Game of Thrones Season 5 Episode 3 “High Sparrow” – Written Recap Round-Up

Welcome to Round 3 of the Game of Thrones written recap round-up for season 5! The female cast dominated the night as Arya, Sansa, Cersei, and Brienne made plans for vengeance in the tense and progressive third episode “High Sparrow.”

And don’t forget WotW’s own Sullied and Unsullied reviews!


Alyssa Rosenberg, Washington Post

Todd VanDerWerff, Vox

Laura Hudson, Wired 

Myles McNutt, A.V. Club

Sean T. Collins, Rolling Stone

Charlie Jane Anders, io9

James Hibberd, Entertainment Weekly

Sarah Hughes, The Guardian

Neil Miller, Film School Rejects 

James Poniewozik, Time

Elio Garcia,

Scott Meslow, The Week

David Crow, Den of Geek



Andy Greenwald, Grantland

Laura Stone, Hey, Don’t Judge Me

Alan Sepinwall, Hitfix

Erik Adams, A.V. Club

Nina Shen Rastogi, Vulture

David Malitz, Washington Post

Libby Hill, Salon 

Thanks for taking the time to read! Leave us a comment letting us know which critics you enjoy and feel free to leave suggestions for reviewers!

Stay tuned for our video recap round-up of “High Sparrow!”

27 responses

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    1. Laura stone on top form, as always. Love that excitement! I’m feeling it too, for the first time as a book reader! Squee!

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    2. I liked this from the AV club (a site I’ve been spending more time on lately)

      That may be a bold claim, but Martin’s story is so sprawling that it often feels like the story could never truly come full circle, especially given we’re still waiting for major convergences that Martin has been teasing for multiple books at this point. The show, by comparison, is pacing itself differently, and uses Sansa’s return to Winterfell to tighten its storytelling and pay tribute to where the show began. Whereas Martin’s return to Winterfell felt like following a war, Game Of Thrones’ return to Winterfell is about character, and creates a stable foundation for whatever comes next.

      This is why I enjoy the show so much and am not so upset about changes as some of my fellow readers are: its taking out what seemed to me filler from the books, leaving us a story and characters we can follow to its natural end (whenever that may be)

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    3. ace,

      So another fall. I actually think this season has been pretty solid so far, especially High Sparrow. What it hasn’t been, though, is especially buzzworthy. Not so many water-cooler endings this season (which I’m fine with just because I think the episodes have had a more consistent strength throughout, instead).

      I don’t know how much of an effect the leaks have had on ratings, but I don’t expect to see a real rebound until after the next “Dany frees the Unsullied” mid-season cliffhanger. Not sure exactly what, if anything, that will be at the moment, but the final episodes look like they’ll be pretty strong in that department, so I expect the season will end on a high note, even if the mid-season lags a bit ratings-wise.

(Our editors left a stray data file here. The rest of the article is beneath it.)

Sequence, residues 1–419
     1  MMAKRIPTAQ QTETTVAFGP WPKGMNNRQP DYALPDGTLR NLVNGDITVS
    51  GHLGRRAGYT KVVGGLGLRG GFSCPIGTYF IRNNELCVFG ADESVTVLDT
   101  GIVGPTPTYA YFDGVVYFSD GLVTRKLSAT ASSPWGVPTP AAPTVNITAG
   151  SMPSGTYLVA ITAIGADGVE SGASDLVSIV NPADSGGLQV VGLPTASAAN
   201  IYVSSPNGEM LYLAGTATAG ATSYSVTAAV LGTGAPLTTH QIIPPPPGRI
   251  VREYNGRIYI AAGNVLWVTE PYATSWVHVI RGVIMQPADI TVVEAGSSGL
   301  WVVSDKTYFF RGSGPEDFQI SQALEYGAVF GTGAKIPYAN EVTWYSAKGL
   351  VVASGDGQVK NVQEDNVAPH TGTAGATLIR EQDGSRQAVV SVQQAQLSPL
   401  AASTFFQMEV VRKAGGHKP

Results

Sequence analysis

Depending on how episodes 5 and 6 do, though, it may actually be time to call it in terms of hitting “peak Thrones.”

      Then again, I didn’t entirely expect the show to keep growing its audience as well as it’s done thus far, and we are getting closer to the final season. Since they’ll be able to blast “Final Season” in all the advertising leading up to it, there might be a decent bump in the audience at that point. It’ll just be a matter of whether season 6 grows or maintains from season 5 to bridge that gap. Either way, I don’t expect anything other than a monster viewership explosion or a complete and total crash to have much of an effect on the budget any longer, and maybe not even the latter case as much as you’d expect.

      This is currently HBO’s prime jewel and they’ll fork over the budget to wrap it up properly for a final season regardless of what the ratings look like at that point (again, barring anything ridiculously extreme in either direction) if for no other reason than their back catalog being a major selling point of subscribing to them these days and some known regrets over how Rome and Deadwood ended.

      I was very into the ratings early on in the show’s life, but these days it’s more of a curiosity for me than anything that has a strong bearing on the health and longevity of the show in my mind any longer. It’ll end how and when it’s going to end pretty much the same way regardless of what happens at this point. (It’d be different if D&D were talking 8-10 seasons, but they aren’t. GoT’s current position will see it through a 7th season easily enough as is).

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    4. HBO will never send out screeners again.